Powerhouse Museum - Home


Back


 
Manufacture of the Superbike Superbike - home

Once the bike had been designed the project leader, Lachlan Thompson, was determined to put it into production in Australia. The problem was that bicycles had not been made in Australia since 1990.

The problem was overcome when Thompson was introduced to Sal Sansonetti by a friend from Aerospace Technologies. Sansonetti had cycled for Australia at the Montreal Olympics in 1976, was Italian Champion in 1970, and had won two stages of the 1971 Tour of Italy and the Milan Six. Not only did Sansonetti understand bikes and metal, he was keen to manufacture bicycles and owned a company, Nezkot, which made injection moulding dies for such clients as Holden and Ford. He therefore had the necessary tooling to make the frame of the bike.

A company (Bike Technologies) was formed in 1996, not only to provide bikes for the AIS, but to manufacture the Superbike in track, touring and mountain bike types for world distribution.

The requirement study showed that a one-size monocoque shell could be developed to suit a wide range of rider size. One single size of the 'Superbike' can accommodate riders from 1600 mm to 1900 mm in height.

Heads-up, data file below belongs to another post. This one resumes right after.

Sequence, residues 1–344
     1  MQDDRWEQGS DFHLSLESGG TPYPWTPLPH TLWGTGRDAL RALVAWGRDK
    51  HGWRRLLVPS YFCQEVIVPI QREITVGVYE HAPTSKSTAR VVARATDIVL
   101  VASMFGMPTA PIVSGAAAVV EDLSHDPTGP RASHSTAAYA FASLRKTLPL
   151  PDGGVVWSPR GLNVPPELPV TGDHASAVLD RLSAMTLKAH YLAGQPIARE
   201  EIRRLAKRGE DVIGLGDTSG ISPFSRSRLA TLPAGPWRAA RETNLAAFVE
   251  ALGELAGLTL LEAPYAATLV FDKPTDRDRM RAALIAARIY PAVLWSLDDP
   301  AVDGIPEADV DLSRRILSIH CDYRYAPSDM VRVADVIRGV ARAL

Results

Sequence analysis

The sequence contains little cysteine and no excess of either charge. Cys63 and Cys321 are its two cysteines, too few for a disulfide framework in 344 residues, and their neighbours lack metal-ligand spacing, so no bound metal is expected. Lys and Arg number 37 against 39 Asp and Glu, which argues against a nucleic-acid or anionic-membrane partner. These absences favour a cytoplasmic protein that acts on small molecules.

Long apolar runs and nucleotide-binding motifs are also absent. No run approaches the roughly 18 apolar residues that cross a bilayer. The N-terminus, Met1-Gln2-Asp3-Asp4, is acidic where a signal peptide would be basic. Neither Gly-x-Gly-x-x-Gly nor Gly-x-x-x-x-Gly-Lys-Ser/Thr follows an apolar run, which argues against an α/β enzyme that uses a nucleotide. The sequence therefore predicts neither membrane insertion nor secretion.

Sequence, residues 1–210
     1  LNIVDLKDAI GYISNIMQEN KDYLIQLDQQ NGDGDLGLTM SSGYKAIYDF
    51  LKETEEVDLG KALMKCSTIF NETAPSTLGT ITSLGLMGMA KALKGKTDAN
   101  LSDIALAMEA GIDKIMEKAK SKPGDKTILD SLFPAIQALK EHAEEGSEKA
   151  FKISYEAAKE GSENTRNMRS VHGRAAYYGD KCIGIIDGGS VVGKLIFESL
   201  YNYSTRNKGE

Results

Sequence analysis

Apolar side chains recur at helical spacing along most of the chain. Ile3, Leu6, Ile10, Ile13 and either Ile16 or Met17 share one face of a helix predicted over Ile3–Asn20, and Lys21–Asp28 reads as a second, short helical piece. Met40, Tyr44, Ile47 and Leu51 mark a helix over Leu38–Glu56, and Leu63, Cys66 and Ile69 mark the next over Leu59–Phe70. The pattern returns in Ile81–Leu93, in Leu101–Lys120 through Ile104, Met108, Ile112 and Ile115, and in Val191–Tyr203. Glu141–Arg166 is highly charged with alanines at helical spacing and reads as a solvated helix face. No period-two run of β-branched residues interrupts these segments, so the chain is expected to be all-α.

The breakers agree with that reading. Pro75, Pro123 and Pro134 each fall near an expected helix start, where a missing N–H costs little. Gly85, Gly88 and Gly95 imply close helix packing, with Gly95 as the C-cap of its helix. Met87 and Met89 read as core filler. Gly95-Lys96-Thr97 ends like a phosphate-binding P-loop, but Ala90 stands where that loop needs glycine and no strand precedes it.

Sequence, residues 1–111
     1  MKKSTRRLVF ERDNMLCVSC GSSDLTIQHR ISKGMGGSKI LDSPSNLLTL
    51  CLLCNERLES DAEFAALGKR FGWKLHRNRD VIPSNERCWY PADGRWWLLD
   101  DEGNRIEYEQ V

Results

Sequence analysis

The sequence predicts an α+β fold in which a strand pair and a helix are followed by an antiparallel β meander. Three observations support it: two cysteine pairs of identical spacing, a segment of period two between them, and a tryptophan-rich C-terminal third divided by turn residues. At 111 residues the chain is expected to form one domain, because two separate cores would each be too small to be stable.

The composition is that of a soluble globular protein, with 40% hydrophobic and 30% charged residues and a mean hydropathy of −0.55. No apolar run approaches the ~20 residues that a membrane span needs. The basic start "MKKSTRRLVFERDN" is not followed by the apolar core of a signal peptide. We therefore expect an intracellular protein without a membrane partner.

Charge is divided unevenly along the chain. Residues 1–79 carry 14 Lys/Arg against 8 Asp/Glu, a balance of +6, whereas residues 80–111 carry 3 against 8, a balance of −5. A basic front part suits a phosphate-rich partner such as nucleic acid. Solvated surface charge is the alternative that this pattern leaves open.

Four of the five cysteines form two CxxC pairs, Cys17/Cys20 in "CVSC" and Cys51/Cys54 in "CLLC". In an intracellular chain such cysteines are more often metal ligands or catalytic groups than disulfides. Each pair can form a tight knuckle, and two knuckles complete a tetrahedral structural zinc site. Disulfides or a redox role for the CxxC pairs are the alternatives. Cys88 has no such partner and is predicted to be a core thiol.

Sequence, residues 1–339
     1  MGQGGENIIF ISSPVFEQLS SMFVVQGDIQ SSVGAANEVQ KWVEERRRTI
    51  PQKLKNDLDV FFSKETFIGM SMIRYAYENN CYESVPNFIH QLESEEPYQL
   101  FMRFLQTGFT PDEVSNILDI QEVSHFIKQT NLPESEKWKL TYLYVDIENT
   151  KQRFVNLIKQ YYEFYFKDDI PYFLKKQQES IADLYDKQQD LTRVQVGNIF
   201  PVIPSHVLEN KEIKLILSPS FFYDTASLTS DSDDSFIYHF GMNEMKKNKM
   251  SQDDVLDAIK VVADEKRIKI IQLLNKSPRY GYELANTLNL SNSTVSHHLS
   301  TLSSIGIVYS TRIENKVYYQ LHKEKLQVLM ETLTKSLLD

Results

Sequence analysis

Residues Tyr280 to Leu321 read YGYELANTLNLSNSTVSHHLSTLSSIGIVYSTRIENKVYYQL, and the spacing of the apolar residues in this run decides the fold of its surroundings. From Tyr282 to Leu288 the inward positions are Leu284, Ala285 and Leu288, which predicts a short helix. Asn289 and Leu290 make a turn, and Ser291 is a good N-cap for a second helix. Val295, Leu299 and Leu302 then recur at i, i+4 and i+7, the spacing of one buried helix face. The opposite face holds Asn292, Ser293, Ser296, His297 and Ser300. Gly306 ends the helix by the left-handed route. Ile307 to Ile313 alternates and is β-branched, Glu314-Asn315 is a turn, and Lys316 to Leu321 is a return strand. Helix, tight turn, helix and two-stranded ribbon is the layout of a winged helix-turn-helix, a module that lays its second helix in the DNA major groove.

The 'Superbike' is unique in that it has been designed from the outset to be of a shape and structure that can be easily and cheaply produced in high volume. This manufacturing feature, a 'one size fits all' concept, removes the necessity for multiple and expensive tooling. The use of a complete monocoque shell gives lower weight and greater stiffness than achieved in previous racing bicycle designs. This shell is completely hollow and requires no additional core material. Careful structural optimisation has allowed thin non-buckling skins to be used.
Refinement of the manufacturing technique has allowed patents on the process to be lodged. (Thompson, 1996: 3)

 

HSC technology syllabses support - HOME space Superbike - MENU